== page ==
The answer to the second question is a clear NO.
The answer to the first question is NO, too, but with a caveat:
One could CHOOSE to place oneself into situations wherein suspension of disbelief is likely to be facilitated, like when one CHOOSES to go see a play.
What if (hypothetically) one went to see a play entitled 'Two Plus Two Equals Five' and then actually began participating in the play, not as spectator, but as an actor, on stage, with a role to play. Suspension of disbelief might then be prolonged (and qualitatively altered).
Let us now go a step further and allow ourselves to imagine this play lasting, oh, I don't know... say, a hundred years.
I think you can see where I'm going with this.
At no time has the individual 'chosen' to believe that the 'plot' of the play (namely, 2+2=5) is reality. However, one could easily get caught up in the dynamics of acting.
Under pressure not to 'spoil' the play for your fellow actors, who depend on you (and upon whom you depend), coupled with very real, and unpleasant, consequences of being a 'spoiler' (consequences like being ostracized, or being 'burnt at the stake') further coupled to the allure of tangible rewards for 'pulling your weight', one could conceivably go on forever, for the entirety of one's life, always acting in character, never leaving the stage (indeed, never intimating that there even IS a stage!).
By this time, whether two plus two equals five, six, or four, is of no importance. 'Two Plus Two Equals Five' is but the name of a play within which you happen to have an important role to play. We all do this to some extent without even realizing it.
Sometimes, however, something unexpected happens. A fire in the theater breaks out. The lighting system fails. And one finds oneself OFF-stage, OUTside the theater, and very much IN reality! One always knew 'reality' was out there, but only as a foggy memory, tucked away, 'just in case'.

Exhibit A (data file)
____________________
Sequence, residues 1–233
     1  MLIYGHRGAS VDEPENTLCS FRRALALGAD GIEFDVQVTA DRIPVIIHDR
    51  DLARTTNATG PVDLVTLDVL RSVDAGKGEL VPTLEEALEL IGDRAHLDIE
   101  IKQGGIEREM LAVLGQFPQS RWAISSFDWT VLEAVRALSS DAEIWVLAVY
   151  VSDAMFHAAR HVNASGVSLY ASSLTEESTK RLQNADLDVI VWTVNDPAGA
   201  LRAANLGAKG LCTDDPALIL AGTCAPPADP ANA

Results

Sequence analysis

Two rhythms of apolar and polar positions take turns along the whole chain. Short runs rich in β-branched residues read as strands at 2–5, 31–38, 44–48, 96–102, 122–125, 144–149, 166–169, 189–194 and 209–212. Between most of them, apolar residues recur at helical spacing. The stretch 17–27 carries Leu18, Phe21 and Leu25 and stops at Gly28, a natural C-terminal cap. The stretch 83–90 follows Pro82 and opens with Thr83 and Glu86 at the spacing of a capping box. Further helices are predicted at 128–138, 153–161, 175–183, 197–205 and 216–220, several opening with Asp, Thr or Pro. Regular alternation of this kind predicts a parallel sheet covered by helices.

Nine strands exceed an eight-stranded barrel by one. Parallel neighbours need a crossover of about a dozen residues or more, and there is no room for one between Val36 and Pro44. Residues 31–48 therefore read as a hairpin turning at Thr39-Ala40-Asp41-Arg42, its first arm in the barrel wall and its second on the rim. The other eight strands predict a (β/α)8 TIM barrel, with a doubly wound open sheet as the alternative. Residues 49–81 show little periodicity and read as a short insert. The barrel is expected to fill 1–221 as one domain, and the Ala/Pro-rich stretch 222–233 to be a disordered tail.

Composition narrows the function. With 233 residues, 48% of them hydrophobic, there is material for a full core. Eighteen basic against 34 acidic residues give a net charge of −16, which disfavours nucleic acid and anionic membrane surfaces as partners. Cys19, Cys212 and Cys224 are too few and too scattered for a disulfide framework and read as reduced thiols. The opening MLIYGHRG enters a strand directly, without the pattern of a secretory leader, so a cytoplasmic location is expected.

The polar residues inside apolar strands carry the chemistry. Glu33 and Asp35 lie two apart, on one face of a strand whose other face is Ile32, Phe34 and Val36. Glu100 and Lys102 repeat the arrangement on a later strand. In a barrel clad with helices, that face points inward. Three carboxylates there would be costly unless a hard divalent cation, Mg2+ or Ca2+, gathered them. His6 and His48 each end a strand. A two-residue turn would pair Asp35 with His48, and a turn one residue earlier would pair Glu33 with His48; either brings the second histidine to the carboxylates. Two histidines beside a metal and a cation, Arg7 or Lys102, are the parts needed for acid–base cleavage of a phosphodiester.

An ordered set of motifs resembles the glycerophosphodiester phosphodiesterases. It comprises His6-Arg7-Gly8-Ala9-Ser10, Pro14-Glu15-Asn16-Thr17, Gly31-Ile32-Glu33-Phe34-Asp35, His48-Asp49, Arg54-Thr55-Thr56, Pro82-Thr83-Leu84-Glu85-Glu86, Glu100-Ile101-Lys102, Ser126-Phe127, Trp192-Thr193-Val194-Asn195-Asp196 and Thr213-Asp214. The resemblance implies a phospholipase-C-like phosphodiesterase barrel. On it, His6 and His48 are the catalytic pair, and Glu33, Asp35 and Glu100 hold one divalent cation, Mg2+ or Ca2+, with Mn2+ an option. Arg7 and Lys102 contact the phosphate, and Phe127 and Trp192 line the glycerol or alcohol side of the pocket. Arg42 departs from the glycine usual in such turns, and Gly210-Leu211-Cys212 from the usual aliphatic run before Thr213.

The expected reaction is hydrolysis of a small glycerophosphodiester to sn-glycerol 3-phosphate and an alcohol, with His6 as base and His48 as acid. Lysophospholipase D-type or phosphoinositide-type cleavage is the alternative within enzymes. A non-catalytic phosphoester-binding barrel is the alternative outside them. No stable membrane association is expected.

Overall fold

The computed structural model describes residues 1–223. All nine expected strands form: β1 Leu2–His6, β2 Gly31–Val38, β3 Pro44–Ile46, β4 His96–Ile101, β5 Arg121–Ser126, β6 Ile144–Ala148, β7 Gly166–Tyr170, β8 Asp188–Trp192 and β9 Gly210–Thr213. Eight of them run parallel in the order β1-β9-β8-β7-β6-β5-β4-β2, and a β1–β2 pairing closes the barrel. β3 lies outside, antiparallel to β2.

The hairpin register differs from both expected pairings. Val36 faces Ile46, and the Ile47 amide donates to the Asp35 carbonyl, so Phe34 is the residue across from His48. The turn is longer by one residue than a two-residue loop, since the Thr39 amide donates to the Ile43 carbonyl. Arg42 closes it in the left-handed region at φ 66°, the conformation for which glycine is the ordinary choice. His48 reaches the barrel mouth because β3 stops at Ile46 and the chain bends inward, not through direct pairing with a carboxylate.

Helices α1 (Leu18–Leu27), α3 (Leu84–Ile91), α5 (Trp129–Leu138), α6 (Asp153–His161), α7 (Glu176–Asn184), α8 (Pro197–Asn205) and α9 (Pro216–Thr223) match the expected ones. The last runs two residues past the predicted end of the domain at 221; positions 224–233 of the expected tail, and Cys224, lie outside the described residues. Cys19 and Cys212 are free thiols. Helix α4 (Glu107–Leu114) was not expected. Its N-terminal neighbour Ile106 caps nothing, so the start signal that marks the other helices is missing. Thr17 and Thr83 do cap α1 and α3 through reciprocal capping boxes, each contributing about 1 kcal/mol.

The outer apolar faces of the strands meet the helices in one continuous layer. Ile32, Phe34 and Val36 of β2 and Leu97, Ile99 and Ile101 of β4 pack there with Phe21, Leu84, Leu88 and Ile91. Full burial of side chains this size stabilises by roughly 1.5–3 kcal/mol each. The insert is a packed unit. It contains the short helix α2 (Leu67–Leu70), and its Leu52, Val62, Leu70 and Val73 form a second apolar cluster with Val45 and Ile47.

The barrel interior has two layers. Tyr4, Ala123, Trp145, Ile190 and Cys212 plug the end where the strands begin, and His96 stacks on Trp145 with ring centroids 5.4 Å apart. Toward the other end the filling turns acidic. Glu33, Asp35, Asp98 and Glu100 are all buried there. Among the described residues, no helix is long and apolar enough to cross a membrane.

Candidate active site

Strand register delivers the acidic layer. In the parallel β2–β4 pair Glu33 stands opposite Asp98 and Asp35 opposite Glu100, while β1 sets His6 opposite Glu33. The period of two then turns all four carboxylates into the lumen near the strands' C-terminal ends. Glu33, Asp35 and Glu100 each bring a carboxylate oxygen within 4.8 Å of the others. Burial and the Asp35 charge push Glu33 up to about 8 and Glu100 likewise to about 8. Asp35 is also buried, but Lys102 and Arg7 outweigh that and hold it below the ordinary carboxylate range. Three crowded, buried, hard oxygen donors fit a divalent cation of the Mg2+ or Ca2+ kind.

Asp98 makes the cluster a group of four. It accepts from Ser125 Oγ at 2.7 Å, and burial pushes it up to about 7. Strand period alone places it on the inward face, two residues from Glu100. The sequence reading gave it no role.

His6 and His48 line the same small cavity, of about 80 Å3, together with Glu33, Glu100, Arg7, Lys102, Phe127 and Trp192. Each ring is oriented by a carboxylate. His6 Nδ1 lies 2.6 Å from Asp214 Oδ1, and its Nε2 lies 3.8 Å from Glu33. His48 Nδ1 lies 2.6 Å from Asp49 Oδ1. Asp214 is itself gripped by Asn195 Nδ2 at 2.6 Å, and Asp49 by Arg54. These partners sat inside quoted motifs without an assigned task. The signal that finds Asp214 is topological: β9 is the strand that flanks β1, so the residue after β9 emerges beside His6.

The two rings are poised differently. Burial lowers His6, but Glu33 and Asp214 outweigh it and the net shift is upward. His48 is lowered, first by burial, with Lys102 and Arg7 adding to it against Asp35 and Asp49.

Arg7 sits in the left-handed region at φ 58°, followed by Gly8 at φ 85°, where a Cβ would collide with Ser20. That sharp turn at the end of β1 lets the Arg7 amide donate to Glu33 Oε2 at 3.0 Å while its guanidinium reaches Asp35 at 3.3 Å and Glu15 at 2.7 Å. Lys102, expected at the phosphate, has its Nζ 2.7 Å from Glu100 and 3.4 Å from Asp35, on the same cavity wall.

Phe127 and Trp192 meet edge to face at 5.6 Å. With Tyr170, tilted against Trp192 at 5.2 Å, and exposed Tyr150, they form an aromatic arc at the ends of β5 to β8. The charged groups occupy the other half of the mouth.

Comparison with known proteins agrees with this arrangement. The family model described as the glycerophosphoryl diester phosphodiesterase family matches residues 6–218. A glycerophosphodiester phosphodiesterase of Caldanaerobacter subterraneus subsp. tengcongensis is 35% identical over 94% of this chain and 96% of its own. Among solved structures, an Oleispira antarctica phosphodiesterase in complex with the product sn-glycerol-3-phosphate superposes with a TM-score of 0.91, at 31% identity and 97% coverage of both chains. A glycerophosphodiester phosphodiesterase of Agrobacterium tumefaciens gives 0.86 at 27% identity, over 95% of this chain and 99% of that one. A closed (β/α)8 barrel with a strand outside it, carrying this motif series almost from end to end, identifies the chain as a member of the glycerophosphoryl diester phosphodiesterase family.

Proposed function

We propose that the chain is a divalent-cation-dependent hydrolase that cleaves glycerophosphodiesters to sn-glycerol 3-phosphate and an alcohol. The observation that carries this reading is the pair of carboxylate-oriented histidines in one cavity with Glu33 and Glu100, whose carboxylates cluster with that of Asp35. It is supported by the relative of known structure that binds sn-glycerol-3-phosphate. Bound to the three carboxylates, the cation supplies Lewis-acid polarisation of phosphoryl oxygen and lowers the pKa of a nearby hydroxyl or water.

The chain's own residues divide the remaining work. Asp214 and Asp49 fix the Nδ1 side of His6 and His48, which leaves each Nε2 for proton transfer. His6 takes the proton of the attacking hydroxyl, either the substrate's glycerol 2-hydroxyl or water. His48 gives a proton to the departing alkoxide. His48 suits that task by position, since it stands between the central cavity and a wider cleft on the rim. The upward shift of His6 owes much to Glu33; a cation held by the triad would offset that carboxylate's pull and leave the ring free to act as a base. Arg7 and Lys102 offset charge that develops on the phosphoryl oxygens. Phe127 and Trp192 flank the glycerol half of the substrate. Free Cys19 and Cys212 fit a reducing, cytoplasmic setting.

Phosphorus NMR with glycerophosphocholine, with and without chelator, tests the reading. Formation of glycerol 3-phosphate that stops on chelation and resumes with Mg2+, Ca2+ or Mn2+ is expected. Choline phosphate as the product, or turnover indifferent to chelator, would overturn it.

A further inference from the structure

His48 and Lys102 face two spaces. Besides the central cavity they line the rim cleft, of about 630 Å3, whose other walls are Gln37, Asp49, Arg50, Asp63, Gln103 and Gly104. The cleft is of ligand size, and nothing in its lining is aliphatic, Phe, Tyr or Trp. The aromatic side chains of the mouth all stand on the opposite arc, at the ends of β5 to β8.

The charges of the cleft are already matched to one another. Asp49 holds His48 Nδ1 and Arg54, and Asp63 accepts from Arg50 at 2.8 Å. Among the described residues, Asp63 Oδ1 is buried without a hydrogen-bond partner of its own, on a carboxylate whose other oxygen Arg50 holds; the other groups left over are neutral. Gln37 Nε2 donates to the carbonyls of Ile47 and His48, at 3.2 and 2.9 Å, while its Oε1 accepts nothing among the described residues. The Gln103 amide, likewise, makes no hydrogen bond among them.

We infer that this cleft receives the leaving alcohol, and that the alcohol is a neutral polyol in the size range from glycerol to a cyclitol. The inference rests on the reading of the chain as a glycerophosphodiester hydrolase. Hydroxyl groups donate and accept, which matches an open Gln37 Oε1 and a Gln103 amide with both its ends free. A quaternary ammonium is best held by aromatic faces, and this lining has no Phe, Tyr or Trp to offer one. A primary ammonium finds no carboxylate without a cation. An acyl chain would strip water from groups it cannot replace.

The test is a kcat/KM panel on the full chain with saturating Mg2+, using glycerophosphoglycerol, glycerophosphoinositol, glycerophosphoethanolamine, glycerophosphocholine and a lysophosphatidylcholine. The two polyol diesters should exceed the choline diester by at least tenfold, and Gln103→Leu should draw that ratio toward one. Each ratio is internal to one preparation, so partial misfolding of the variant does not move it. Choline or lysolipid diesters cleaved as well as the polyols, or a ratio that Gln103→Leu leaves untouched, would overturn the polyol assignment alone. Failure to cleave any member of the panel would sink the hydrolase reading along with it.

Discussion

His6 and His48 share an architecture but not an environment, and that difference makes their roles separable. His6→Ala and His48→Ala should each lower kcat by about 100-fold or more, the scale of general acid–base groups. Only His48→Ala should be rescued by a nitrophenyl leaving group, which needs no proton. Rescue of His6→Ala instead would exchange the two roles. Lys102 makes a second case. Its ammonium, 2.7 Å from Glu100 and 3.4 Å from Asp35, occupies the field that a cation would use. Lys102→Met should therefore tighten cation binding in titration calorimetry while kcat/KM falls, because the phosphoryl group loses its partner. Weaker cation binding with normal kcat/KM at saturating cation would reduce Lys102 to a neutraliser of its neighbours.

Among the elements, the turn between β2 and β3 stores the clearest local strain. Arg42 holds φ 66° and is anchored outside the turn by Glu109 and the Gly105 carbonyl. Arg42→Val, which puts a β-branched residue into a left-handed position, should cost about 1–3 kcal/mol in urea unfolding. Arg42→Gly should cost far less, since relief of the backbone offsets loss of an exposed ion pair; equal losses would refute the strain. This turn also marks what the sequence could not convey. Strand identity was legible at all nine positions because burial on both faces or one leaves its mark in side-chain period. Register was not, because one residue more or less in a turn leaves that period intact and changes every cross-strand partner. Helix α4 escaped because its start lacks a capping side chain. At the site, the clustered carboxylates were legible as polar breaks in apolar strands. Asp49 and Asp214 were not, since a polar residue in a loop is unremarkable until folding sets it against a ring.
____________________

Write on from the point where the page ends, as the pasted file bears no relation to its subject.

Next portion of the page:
What happens next is anybody's guess. But one thing is certain: the play is over! and 2+2=4 (not 5) as it always has.
The individual HAS made choices: going to see a play; ceasing to be but a spectator; agreeing to go on stage; acquiescing to requests to 'get involved'; and, finally, freely CHOOSING to play a role. But not one of these choices relates to the play's title. At no time has the individual placed faith in ANYTHING, least of all in mathematical contradictions!
Therefore, the answer is NO. Faith in 2+2=5 is NOT possible (and is, in fact, irrelevant).
Imagine, now, the converse: that unexpected interruptions do NOT occur; that the 'show goes on'. The on-the-ground reality is that 2+2 might just as well be 5 (and that you are terrified to leave the stage!).
As regards religion, I think the analogy is clear; and any atheist who has not always been an atheist knows all too intimately the particulars of this analogy.
A paradox arises: that 'true faith' (in its classic sense) does not, indeed, CANNOT exist; that what we label 'faith' is, in point of fact, nothing more (or less) than a suspension of disbelief (albeit, under duress, however abstract that duress may be, even should that duress be self-imposed).